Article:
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Neuroprosthetic technologies to augment the impact of neurorehabilitation after spinal cord injury


van den Brand, Rubia; Mignardot, Jean-Baptiste; von Zitzewitz, Joachim; Le Goff, Camille; Fumeaux, Nicolas; Wagner, Fabien; Capogrosso, Marco; Martin Moraud, Eduardo; Micera, Silvestro; Schurch, Brigitte; Curt, Armin; Carda, Stefano; Bloch, Jocelyne; Courtine, Grégoire (2015). Neuroprosthetic technologies to augment the impact of neurorehabilitation after spinal cord injury. Annals of Physical and Rehabilitation Medicine, 58(4):232-237.

Abstract

Spinal cord injury leads to a range of disabilities, including limitations in locomotor activity, that seriously diminish the patients' autonomy and quality of life. Electrochemical neuromodulation therapies, robot-assisted rehabilitation and willpower-based training paradigms restored supraspinal control of locomotion in rodent models of severe spinal cord injury. This treatment promoted extensive and ubiquitous remodeling of spared circuits and residual neural pathways. In four chronic paraplegic individuals, electrical neuromodulation of the spinal cord resulted in the immediate recovery of voluntary leg movements, suggesting that the therapeutic concepts developed in rodent models may also apply to humans. Here, we briefly review previous work, summarize current developments, and highlight impediments to translate these interventions into medical practice to improve functional recovery of spinal-cord-injured individuals.

Abstract

Spinal cord injury leads to a range of disabilities, including limitations in locomotor activity, that seriously diminish the patients' autonomy and quality of life. Electrochemical neuromodulation therapies, robot-assisted rehabilitation and willpower-based training paradigms restored supraspinal control of locomotion in rodent models of severe spinal cord injury. This treatment promoted extensive and ubiquitous remodeling of spared circuits and residual neural pathways. In four chronic paraplegic individuals, electrical neuromodulation of the spinal cord resulted in the immediate recovery of voluntary leg movements, suggesting that the therapeutic concepts developed in rodent models may also apply to humans. Here, we briefly review previous work, summarize current developments, and highlight impediments to translate these interventions into medical practice to improve functional recovery of spinal-cord-injured individuals.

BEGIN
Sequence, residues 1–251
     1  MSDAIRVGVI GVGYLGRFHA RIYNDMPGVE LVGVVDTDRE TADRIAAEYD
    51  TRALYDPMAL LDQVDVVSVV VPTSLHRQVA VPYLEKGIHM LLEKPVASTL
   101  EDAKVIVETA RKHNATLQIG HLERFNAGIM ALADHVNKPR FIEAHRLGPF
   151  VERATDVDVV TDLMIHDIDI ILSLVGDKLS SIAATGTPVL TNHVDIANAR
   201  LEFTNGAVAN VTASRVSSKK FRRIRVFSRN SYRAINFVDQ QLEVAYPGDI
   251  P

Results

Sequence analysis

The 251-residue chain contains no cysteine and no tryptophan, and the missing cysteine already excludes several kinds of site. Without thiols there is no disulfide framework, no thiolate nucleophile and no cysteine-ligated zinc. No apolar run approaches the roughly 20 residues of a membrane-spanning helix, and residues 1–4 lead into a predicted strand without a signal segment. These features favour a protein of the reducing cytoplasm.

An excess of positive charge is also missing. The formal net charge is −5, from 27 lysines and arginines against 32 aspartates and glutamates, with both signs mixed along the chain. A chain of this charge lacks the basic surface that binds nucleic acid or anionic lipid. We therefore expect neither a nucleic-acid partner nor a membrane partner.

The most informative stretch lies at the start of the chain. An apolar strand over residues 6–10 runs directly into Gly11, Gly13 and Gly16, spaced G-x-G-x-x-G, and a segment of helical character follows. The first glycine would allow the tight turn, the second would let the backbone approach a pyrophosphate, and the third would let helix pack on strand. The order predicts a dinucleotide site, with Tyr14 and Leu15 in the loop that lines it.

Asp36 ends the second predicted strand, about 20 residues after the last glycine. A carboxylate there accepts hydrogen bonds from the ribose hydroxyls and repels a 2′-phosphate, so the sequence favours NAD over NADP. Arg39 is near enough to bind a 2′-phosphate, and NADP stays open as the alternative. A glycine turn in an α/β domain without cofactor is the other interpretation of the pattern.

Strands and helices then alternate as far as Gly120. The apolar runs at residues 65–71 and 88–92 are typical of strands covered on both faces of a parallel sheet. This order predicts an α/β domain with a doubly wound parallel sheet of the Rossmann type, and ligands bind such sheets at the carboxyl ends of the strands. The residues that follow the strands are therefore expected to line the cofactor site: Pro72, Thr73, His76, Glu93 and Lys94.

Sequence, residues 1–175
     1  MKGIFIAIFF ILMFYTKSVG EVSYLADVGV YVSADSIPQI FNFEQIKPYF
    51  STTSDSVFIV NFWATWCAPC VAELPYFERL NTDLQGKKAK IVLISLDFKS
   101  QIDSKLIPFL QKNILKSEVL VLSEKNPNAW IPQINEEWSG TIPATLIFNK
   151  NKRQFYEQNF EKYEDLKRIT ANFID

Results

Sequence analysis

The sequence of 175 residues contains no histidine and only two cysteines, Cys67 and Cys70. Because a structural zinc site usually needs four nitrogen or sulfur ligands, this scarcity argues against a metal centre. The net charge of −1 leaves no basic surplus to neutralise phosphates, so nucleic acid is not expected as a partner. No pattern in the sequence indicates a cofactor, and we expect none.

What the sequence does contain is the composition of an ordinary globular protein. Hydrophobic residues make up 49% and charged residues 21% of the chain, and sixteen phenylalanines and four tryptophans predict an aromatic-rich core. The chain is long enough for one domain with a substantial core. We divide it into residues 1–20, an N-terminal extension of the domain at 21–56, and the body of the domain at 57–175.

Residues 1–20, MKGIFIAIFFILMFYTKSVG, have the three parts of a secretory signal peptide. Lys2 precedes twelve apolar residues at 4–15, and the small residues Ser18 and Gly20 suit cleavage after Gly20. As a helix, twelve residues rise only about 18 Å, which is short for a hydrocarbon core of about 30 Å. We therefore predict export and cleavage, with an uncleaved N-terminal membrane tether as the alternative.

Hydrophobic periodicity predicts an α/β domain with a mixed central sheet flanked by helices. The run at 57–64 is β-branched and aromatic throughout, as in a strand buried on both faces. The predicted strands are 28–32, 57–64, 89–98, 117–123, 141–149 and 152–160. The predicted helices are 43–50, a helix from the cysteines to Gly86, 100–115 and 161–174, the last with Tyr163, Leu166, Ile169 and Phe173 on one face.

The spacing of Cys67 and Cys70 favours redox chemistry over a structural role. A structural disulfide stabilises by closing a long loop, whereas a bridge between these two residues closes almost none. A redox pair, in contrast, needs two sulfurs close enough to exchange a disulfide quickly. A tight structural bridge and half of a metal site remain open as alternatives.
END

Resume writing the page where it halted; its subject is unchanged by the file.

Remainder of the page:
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Additional indexing

Item Type:Journal Article, refereed, original work
Communities & Collections:04 Faculty of Medicine > Balgrist University Hospital, Swiss Spinal Cord Injury Center
Dewey Decimal Classification:610 Medicine & health
Language:English
Date:19 June 2015
Deposited On:23 Nov 2015 14:13
Last Modified:08 Dec 2017 14:57
Publisher:Elsevier
ISSN:1877-0657
Additional Information:Special Issue "Neuromodulation"
Free access at:Publisher DOI. An embargo period may apply.
Publisher DOI:https://doi.org/10.1016/j.rehab.2015.04.003
PubMed ID:26100230

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